Getting Above The Noise

Posted on August 16, 2016 in Justice, Politics

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We’re living through a Pandora’s box of political speech. Our culture’s insatiable appetite for opinionated journalism, mixed with SuperPAC-fueled media messages from all sides and a raging spirit of offense that accompanies nearly every disagreement, has turned our country’s most important democratic event into a display of bloviation, vitriol, and deception at every turn.

As a political suspense novelist, I’m drawn to the real-life controversy and conflict because they supply ingredients and ideas for great stories. My next novel will, in part, portray an uprising in the People’s House—the US House of Representatives—against a presidential administration embroiled in an unprecedented moral crisis.

But as a citizen who wants to make responsible choices this fall, the noise has moved me to be a decidedly undecided voter.

Many people choose to ignore the noise. I want to be in touch with what’s happening. I want to be like the men of Issachar in ancient Israel, who understood the signs of the times and knew the best course for our country to take.

But I want more to get above the noise.

As a follower of Jesus, I need to put my trust in Him above everything else. He made it clear that he put no trust in people because He knew their nature.

I have zero confidence in the choice of leaders we have at the national level. I have zero trust in any source of information available to me by which I might critically evaluate the options and make my choice.

Everything is positioning, messaging. Everything is spin, attack. Having labored in the marketing arena in my professional life, I know what everyone’s up to. Political campaigns, like marketing campaigns, respond to culture. They seek to activate emotional triggers and elicit emotional response in favor of what they’re selling.

Deep down, people know they can’t make their lives better on their own. So secular society, whether the conservative or progressive wing, sells the next president as the person in whom to place hope in a government agenda that will make life better.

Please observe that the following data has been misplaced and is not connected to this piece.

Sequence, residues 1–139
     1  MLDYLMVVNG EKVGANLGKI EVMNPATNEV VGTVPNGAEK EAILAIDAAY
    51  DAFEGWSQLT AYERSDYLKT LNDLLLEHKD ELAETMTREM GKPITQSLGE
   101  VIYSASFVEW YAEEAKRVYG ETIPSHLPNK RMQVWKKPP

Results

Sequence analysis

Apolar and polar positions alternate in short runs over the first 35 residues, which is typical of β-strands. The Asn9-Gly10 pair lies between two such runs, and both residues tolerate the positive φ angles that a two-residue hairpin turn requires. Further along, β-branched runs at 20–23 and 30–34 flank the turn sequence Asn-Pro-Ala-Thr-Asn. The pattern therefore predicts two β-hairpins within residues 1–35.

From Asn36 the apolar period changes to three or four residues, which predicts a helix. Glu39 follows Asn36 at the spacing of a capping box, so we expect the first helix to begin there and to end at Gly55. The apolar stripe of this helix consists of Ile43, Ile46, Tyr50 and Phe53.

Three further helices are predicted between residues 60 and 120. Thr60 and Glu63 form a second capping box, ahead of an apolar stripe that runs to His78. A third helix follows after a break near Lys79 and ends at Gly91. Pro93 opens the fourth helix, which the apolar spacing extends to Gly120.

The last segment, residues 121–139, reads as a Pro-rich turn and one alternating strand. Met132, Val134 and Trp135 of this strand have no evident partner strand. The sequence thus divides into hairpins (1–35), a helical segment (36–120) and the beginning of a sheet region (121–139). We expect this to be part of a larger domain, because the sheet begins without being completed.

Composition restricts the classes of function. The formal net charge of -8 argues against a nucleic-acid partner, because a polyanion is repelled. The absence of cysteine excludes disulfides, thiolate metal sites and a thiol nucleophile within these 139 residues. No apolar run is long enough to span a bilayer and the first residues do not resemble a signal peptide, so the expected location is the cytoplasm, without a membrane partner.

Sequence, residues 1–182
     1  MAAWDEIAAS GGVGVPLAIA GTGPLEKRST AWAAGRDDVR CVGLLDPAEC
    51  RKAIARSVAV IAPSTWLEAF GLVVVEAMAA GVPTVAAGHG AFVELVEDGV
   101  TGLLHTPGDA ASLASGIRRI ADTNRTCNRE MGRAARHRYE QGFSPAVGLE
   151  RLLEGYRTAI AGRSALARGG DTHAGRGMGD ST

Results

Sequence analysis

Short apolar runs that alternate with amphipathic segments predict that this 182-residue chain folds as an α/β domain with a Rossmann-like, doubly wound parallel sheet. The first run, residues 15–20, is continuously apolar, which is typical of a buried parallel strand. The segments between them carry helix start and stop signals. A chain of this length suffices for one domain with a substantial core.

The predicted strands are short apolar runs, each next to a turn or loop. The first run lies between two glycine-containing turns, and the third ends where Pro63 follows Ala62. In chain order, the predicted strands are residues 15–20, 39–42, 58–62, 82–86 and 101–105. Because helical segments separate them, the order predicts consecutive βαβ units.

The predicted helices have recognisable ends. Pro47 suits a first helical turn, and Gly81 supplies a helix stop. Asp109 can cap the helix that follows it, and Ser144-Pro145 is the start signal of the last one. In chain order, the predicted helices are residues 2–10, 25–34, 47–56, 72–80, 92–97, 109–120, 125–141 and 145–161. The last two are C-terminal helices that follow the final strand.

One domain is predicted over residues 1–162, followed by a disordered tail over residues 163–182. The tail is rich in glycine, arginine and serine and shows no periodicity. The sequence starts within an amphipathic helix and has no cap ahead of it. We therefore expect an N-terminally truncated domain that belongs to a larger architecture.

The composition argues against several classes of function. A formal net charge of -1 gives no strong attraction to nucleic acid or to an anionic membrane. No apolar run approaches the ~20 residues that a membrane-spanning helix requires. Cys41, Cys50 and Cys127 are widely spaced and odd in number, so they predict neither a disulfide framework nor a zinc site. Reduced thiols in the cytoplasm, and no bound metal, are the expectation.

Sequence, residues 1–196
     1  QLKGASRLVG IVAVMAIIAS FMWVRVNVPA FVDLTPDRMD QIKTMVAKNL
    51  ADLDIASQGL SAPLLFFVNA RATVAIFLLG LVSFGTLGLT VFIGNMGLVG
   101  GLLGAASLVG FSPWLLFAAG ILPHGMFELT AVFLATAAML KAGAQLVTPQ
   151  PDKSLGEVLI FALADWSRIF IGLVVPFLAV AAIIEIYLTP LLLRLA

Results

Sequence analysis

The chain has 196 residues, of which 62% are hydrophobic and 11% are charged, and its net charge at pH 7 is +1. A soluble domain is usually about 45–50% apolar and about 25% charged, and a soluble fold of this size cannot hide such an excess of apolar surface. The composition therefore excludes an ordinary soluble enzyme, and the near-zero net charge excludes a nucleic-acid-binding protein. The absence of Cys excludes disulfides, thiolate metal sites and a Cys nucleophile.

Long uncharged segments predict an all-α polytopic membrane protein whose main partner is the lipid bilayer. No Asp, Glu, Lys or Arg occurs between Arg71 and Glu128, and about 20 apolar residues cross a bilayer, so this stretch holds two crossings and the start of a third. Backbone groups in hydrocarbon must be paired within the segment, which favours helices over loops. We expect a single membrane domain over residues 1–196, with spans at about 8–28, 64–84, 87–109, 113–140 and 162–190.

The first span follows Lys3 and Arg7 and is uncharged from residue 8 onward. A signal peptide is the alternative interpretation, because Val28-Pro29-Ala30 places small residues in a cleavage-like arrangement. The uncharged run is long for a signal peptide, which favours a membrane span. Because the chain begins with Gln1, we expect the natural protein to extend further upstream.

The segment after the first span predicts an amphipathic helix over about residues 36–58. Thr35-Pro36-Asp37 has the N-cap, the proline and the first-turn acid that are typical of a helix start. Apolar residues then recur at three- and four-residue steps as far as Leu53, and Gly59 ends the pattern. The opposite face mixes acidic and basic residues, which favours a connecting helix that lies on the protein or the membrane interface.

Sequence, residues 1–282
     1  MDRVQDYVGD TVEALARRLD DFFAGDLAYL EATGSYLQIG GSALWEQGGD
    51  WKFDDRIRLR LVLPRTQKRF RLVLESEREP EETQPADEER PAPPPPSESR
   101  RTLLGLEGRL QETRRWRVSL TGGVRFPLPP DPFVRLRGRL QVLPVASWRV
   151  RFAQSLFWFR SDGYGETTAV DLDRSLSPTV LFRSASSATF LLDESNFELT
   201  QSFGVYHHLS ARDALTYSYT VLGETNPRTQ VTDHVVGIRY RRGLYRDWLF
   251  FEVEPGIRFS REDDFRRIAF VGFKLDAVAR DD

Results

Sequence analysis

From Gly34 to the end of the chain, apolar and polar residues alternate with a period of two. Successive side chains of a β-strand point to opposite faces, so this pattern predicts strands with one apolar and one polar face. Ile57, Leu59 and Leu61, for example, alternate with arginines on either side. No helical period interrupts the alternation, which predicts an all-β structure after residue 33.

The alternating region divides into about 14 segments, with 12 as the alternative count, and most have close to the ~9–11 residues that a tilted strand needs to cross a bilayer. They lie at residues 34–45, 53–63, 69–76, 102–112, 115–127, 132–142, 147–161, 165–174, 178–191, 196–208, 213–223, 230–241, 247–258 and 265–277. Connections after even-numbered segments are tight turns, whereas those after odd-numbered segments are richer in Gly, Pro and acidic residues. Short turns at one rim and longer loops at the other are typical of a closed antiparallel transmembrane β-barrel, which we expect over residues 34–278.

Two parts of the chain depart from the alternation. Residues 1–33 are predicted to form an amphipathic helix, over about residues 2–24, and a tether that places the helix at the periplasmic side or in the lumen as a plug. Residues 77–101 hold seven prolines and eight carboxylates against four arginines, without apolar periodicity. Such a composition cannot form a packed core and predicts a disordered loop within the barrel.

Of course we want a federal government whose policies foster social improvement.

But governments don’t build economies. Their role is to create a climate in which economic activity can thrive, while restraining forces that seek to exploit and disadvantage some for others’ gain.

Governments don’t cultivate morality. The old saying—you can’t legislate morality—has been proven throughout history. Even the most perfect law ever written—God’s law—wasn’t given to eliminate sin, but to show people the sin that lived in them.

Governments can’t enforce generosity. They can use taxation to redistribute wealth. But confiscation will not change hearts.


I’ve reached the point where my only option for making my choice in November is the best option.


I could go on. I’ll spare you.

I’m decidedly undecided, and I’ve yet to see anything that will help me move to a choice.

I’ve reached the point where my only option is the best option:

If you need wisdom, ask our generous God, and he will give it to you. He will not rebuke you for asking. But when you ask him, be sure that your faith is in God alone. Do not waver, for a person with divided loyalty is as unsettled as a wave of the sea that is blown and tossed by the wind. Such people should not expect to receive anything from the Lord. Their loyalty is divided between God and the world, and they are unstable in everything they do.

Loyalty to God is the requirement for receiving His wisdom. My choice. Job one.

While I seek His wisdom, this is job two: to not allow the prevailing spirit of division in our land to influence me. It’s a continuous, conscious choice I have to make. It’s too easy to get swept up into judging people I don’t agree with. Which Jesus makes clear is dangerous—by the measure I give, it will be returned to me.

There is a God choice to be made.

I hope this helps you seek and make your own God choice.


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